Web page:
Radial – A radial tire is in some ways the opposite of a bias tire and in others it is combination of Bias and Belted Bias. Radial utilizes cords that extend from the beads and across the tread but they are at right angles to the centerline of the tread. The cords are parallel to one another and stabilizer belts are put into place beneath the tread. All those things come together to strengthen the tire and provide a longer life for the tire, better control at high speeds and lower rolling resistance as well. The disadvantages are that the ride is much rougher at lower speeds and OTR tires will not see as much of a self-cleaning ability.

Many tires used in industrial and commercial applications are non-pneumatic, and are manufactured from solid rubber and plastic compounds via molding operations. Solid tires include those used for lawn mowers, skateboards, golf carts, scooters, and many types of light industrial vehicles, carts, and trailers. One of the most common applications for solid tires is for material handling equipment (forklifts). Such tires are installed by means of a hydraulic tire press.

tire-solid-rubber with aperature holes

Semi-pneumatic tires have a hollow center, but they are not pressurized. They are light-weight, low-cost, puncture proof, and provide cushioning. These tires often come as a complete assembly with the wheel and even integral ball bearings. They are used on lawn mowers, wheelchairs, and wheelbarrows. They can also be rugged, typically used in industrial applications, and are designed to not pull off their rim under use.


Tires that are hollow but are not pressurized have also been designed for automotive use, such as the Tweel (a portmanteau of tire and wheel), which is an experimental tire design being developed at Michelin. The outer casing is rubber as in ordinary radial tires, but the interior has special compressible polyurethane springs to contribute to a comfortable ride. Besides the impossibility of going flat, the tires are intended to combine the comfort offered by higher-profile tires (with tall sidewalls) with the resistance to cornering forces offered by low profile tires. They have not yet been delivered for broad market use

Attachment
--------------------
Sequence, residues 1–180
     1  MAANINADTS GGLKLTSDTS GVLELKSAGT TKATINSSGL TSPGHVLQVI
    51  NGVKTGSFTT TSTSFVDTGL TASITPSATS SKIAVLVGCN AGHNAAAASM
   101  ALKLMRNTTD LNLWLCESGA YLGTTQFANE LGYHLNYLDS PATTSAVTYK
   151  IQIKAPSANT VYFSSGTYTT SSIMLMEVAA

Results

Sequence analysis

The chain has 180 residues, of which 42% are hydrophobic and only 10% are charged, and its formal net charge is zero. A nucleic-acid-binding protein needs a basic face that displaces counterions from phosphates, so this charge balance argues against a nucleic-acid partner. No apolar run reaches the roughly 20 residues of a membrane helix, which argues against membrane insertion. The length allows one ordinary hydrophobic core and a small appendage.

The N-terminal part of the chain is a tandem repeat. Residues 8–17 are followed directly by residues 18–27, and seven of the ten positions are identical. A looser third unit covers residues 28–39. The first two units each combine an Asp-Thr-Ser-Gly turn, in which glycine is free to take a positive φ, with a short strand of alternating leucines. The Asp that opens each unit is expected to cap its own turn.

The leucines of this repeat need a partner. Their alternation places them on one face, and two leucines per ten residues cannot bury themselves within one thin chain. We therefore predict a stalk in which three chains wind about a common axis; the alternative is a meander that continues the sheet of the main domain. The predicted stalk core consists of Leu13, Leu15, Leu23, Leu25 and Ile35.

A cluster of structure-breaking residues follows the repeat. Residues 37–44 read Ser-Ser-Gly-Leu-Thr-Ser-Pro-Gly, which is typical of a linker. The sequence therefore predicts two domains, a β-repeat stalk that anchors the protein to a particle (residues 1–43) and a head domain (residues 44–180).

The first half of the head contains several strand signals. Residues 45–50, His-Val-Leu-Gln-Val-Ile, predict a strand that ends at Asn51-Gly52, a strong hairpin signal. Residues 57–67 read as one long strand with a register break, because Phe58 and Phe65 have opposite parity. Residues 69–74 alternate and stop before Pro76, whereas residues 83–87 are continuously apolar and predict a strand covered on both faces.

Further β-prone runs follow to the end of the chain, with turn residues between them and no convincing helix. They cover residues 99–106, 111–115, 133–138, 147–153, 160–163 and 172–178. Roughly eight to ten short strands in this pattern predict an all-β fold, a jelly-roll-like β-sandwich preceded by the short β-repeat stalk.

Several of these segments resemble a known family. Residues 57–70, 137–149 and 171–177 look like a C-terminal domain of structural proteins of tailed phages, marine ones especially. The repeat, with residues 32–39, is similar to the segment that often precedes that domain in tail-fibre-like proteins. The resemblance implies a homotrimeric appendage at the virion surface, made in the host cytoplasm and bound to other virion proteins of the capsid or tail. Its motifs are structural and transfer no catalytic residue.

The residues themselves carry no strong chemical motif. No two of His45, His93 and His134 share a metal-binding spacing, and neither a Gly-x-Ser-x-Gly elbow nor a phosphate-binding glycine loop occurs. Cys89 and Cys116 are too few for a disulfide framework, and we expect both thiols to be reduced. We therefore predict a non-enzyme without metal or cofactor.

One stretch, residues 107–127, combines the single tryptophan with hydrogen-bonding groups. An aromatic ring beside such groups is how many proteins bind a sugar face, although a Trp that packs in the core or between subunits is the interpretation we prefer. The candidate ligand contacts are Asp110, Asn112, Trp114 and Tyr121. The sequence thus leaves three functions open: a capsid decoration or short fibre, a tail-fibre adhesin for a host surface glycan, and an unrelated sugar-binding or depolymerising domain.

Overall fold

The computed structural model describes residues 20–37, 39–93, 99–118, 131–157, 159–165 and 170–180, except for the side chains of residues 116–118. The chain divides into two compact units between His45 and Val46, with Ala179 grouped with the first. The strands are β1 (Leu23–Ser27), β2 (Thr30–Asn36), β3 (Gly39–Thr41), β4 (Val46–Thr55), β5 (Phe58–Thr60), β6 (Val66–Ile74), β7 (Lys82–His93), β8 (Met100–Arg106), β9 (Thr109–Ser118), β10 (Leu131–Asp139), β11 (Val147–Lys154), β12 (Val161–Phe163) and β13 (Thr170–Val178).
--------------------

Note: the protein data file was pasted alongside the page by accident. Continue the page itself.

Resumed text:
Tires are specified by the vehicle manufacturer with a recommended inflation pressure, which permits safe operation within the specified load rating and vehicle loading. Most tires are stamped with a maximum pressure rating. Tires should not generally be inflated to the pressure on the sidewall; this is the maximum pressure, rather than the recommended pressure

Inflated tires naturally lose pressure over time. Not all tire-to-rim seals, valve-stem-to-rim seals, and valve seals themselves are perfect. Furthermore, tires are not completely impermeable to air, and so lose pressure over time naturally due to diffusion of molecules through the rubber.

The tire contact patch is readily changed by both over-and-under inflation. Over-inflation may increase the wear on the center contact patch, and under-inflation will cause a concave tread, resulting in less center contact, though the overall contact patch will still be larger. Most modern tires will wear evenly at high tire pressures, but will degrade prematurely if underinflated. An increased tire pressure may decrease rolling resistance, and may also result in shorter stopping distances If tire pressure is too low, the tire contact patch is greatly increased. This increases rolling resistance, tire flexing, and friction between the road and tire. Under-inflation can lead to tire overheating, premature tread wear, and tread separation in severe cases.


Tires are specified by the manufacturer with a maximum load rating. Loads exceeding the rating can result in unsafe conditions that can lead to steering instability and even rupture. For a table of load ratings, see tire code.

The tire speed rating denotes the maximum speed at which a tire is designed to be operated. For passenger vehicles, these ratings range from 160 to 300 km/h (99.4 to 186 mph). For a table of speed ratings, see tire code.

Tires (especially in the U.S.) are often given service ratings, mainly used on bus and truck tires. Some ratings are for long haul, and some for stop-start multi-drop type work. Tires designed to run 500 miles (800 km) or more per day carrying heavy loads require special specifications.

The treadwear rating or treadwear grade is how long the tire manufacturers expect the tire to last.

Rolling resistance is the resistance to rolling caused by deformation of the tire in contact with the road surface. As the tire rolls, tread enters the contact area and is deformed flat to conform to the roadway. The energy required to make the deformation depends on the inflation pressure, rotating speed, and numerous physical properties of the tire structure, such as spring force and stiffness. Tire makers seek lower rolling resistance tire constructions to improve fuel economy in cars and especially trucks, where rolling resistance accounts for a high proportion of fuel consumption.